Billie Eilish Defends Criticizing Artist Sustainability Practices


In an effort to raise awareness about the music industry’s sustainability practices, or lack thereof, Billie Eilish is highlighting the ways in which artists — herself included — can avoid feeding into the cycle of overconsumption. In a recent interview with Billboard, the musician called out the “wasteful,” yet popularized, trend of artists releasing multiple vinyl variants with slight differences in artwork or track listing to encourage more purchases. But the point of her criticism was nearly overshadowed by speculation about whether she was subtly calling out anyone in particular.

“It would be so awesome if people would stop putting words into my mouth and actually read what I said in that Billboard article. I wasn’t singling anyone out, these are industry-wide systemic issues,” Eilish wrote in a statement shared via Instagram Stories over the weekend. “When it comes to variants, so many artists release them — including ME! Which I clearly state in the article. The climate crisis is now and it’s about all of us being part of the problem and trying to do better. Sheesh.”

Eilish’s original comments focused mainly on the scale of the artists who most engage in these practices as well as the driving force behind these multiple releases. “It’s some of the biggest artists in the world making fucking 40 different vinyl packages that have a different unique thing just to get you to keep buying more,” Eilish told Billboard. “It’s so wasteful, and it’s irritating to me that we’re still at a point where you care that much about your numbers and you care that much about making money — and it’s all your favorite artists doing that shit.”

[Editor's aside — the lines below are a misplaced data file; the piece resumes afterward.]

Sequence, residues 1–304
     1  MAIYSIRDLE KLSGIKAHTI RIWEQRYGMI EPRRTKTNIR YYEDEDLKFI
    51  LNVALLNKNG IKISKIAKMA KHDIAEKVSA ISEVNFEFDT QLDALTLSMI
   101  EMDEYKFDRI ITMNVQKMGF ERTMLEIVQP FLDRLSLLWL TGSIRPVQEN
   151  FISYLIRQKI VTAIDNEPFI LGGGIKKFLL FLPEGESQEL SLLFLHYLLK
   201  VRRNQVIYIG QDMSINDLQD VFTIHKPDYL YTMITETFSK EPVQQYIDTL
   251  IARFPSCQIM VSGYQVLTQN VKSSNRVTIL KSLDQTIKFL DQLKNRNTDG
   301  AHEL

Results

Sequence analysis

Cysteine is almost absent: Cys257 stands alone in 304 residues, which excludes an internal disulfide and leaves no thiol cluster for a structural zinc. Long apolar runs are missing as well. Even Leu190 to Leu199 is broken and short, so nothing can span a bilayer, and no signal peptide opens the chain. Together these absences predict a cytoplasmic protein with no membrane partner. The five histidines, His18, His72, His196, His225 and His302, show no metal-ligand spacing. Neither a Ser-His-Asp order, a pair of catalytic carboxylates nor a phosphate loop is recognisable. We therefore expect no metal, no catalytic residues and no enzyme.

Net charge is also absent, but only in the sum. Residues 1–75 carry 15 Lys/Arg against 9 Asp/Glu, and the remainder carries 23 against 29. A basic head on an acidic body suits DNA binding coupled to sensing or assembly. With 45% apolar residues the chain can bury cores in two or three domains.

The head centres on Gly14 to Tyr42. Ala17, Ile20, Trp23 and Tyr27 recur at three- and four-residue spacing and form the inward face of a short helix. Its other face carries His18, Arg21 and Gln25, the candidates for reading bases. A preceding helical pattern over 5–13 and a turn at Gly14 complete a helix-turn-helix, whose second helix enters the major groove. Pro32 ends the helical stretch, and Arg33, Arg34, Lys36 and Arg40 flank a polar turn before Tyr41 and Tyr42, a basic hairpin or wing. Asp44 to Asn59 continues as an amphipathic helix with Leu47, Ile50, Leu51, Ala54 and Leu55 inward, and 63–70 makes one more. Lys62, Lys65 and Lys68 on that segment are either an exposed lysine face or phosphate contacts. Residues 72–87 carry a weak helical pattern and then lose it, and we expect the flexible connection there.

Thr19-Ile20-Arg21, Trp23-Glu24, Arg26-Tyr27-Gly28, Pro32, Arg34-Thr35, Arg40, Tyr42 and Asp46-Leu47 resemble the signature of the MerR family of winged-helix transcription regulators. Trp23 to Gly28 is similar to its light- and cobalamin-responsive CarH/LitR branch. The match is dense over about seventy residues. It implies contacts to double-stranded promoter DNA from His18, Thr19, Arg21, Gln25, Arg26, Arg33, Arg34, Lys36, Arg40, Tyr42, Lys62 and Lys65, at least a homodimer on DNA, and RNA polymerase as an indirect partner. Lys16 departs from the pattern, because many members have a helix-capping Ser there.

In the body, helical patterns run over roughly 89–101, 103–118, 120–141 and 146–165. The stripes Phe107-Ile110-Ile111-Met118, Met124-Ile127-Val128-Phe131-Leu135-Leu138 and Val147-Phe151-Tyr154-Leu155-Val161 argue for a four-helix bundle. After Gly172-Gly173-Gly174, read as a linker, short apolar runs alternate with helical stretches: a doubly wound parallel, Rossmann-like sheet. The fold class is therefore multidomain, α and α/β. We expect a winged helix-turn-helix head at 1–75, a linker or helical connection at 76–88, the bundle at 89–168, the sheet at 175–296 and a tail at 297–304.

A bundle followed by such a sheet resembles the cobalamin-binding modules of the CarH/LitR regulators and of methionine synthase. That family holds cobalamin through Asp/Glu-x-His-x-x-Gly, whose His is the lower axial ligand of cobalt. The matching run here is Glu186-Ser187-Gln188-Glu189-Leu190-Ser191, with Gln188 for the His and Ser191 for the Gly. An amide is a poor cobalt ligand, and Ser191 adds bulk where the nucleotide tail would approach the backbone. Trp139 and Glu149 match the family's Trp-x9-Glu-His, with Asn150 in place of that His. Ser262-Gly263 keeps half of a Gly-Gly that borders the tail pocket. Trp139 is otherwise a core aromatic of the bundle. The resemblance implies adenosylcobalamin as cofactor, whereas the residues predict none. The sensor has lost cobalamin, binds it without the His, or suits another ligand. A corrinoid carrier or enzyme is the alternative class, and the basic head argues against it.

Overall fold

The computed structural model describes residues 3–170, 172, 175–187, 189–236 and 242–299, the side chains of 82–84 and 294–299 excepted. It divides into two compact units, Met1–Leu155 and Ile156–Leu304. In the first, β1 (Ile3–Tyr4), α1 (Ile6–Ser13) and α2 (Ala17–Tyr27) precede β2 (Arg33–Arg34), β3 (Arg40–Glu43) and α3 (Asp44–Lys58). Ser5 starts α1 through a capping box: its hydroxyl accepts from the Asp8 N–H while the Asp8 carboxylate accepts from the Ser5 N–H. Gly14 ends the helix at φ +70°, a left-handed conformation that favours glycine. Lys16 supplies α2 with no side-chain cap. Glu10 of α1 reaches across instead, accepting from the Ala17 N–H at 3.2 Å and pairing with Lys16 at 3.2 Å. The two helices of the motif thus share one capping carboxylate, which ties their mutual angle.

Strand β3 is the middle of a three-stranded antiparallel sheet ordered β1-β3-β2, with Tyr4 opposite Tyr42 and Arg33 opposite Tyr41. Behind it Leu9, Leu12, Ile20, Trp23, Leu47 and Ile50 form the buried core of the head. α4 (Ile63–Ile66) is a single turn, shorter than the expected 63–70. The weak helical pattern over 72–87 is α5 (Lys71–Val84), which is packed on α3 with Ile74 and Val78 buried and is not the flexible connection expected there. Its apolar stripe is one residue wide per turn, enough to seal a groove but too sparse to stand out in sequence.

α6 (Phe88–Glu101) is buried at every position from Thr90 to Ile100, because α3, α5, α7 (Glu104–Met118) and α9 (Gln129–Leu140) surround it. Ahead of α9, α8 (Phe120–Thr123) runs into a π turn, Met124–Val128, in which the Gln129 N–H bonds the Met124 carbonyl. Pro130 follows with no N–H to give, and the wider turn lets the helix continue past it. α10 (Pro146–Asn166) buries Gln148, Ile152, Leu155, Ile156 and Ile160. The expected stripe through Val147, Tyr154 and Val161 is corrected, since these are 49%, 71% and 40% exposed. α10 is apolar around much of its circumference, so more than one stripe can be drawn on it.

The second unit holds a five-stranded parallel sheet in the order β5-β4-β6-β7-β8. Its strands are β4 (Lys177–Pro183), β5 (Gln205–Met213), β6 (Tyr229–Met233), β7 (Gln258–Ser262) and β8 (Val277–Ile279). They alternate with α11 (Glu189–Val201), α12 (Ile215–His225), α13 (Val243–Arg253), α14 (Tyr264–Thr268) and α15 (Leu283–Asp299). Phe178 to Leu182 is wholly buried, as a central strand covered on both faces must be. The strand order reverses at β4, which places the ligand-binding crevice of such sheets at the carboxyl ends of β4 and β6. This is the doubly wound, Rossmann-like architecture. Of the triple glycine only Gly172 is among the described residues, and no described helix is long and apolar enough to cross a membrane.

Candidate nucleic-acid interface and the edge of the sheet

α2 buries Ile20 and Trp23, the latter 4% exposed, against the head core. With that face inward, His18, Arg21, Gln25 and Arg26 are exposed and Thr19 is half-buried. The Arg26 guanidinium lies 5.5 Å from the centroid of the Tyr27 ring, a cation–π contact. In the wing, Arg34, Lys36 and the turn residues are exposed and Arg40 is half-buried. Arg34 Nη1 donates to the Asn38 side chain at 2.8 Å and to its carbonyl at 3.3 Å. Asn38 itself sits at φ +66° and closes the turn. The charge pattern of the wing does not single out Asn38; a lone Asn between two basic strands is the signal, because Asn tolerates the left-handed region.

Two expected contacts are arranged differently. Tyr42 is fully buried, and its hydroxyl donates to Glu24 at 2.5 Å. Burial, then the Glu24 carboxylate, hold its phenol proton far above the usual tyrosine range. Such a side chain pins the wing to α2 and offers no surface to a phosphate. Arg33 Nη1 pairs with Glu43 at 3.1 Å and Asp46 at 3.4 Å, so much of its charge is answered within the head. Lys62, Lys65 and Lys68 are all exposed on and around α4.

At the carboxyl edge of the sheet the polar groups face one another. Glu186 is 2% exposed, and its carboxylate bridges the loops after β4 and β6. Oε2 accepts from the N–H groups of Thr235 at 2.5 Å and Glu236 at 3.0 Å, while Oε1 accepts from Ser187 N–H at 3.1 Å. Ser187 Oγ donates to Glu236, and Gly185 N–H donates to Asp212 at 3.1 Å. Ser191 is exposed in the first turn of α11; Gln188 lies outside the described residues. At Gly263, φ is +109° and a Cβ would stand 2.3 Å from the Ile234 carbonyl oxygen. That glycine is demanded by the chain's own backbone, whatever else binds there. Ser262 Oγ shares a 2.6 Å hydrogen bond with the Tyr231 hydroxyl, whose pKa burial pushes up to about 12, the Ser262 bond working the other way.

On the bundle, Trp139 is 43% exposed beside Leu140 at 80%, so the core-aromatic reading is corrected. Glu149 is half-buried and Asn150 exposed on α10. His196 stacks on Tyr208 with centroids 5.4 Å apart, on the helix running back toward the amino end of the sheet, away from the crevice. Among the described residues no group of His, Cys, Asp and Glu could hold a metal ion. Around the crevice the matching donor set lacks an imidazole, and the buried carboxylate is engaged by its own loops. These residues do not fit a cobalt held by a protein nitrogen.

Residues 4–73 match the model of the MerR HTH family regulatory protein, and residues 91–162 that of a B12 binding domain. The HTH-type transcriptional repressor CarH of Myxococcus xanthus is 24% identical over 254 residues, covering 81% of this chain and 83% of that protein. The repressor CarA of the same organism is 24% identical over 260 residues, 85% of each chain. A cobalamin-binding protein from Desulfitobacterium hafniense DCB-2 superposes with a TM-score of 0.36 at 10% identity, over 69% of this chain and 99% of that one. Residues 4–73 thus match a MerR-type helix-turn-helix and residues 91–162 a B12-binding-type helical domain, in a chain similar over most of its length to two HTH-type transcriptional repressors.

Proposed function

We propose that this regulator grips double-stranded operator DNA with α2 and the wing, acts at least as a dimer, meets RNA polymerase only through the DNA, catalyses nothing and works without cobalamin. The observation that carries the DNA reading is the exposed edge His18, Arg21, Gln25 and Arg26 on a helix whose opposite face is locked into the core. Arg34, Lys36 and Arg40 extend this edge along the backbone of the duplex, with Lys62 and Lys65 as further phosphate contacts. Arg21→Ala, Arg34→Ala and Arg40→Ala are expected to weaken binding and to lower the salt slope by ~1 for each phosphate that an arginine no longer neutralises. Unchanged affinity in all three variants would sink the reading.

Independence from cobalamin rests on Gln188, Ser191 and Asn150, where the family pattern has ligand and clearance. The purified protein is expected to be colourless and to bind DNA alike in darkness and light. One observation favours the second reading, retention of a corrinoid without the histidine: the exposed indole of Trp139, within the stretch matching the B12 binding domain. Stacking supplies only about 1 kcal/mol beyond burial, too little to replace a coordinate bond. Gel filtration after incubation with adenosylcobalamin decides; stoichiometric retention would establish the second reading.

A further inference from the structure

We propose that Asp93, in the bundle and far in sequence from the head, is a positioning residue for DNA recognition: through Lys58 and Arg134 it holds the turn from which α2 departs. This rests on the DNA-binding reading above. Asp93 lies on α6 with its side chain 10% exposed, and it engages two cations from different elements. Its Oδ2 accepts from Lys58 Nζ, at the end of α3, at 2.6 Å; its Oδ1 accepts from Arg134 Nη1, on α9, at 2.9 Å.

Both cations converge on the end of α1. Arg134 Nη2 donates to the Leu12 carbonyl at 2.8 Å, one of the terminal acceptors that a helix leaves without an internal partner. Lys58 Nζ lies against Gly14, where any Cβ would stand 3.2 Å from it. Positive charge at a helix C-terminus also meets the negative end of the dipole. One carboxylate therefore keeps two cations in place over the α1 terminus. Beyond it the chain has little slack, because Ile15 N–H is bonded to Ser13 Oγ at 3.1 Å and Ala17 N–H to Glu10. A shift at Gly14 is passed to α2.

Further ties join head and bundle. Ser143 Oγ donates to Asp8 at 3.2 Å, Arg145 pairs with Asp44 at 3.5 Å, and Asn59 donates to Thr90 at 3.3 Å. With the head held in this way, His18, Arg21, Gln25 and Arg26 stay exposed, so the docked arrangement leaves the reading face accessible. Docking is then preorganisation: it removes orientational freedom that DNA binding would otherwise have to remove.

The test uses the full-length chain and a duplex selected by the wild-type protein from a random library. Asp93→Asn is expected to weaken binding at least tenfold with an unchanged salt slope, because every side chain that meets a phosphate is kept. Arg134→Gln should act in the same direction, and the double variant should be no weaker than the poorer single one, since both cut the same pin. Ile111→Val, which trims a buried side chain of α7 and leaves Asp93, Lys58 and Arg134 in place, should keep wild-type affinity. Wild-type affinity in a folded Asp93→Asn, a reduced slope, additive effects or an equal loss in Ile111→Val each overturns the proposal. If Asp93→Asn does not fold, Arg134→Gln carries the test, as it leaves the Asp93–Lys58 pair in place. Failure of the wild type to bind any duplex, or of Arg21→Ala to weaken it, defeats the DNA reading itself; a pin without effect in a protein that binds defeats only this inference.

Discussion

The pushback to the statement came in large part from Taylor Swift’s fanbase. Swift has released vinyl packages with varying colors, covers, and bonus content for her recent releases, including 1989 (Taylor’s Version), Midnights, and the forthcoming The Tortured Poets Department. Swift has also received heat for the carbon emissions from her private jet, making sustainability and environmental protection something of a touchy subject for Swifties, who are quick to jump to her defense.

But musicians including Beyoncé, Ariana Grande, Harry Styles, Ed Sheeran and more have also released multiple pressings for their album releases. Eilish herself released at least a dozen for Happier Than Ever. But she never claimed she wasn’t complicit.

“It is right in front of our faces and people are just getting away with it left and right, and I find it really frustrating as somebody who really goes out of my way to be sustainable and do the best that I can and try to involve everybody in my team in being sustainable,” Eilish added. “I was watching The Hunger Games and it made me think about it, because it’s like, we’re all going to do it because [it’s] the only way to play the game. It’s just accentuating this already kind of messed up way of this industry working.”

Eilish, who spoke alongside her mother, Maggie Baird, in the interview, detailed her approach to promoting sustainability in everything from vinyl packaging (she’s released some pressings made from recycled materials), transportation, food, and most particularly, her merch. “It’s about how it feels and how it looks and how it’s made,” she explained. “And so the problem is to make sure that my clothing is being made well and ethically and with good materials and it’s very sustainable and that it feels good and is durable. It’s going to be more expensive.” She also reduced the amount of merchandise being created for drops, Baird added.

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The hope, as they expressed, is that the small things will add up to big changes. But the industry often prioritizes profit over the planet and the people who live on it.

“We know from research that fans are more likely to take action if they believe the artist is authentic. Which I think unfortunately scares off a lot of artists because they’re like, ‘Well, I don’t want to say I’m trying to do X because I’m not perfect on Y,’” Baird stated. “That’s a barrier that is really challenging to break, especially with social media and the culture of cancel and hate. The truth is, you just have to do it anyway. Artists can cast a giant shadow of influence. If you’re not perfect, but you are influencing many, many, many people to do better, it’s multiplied hundreds of times.”



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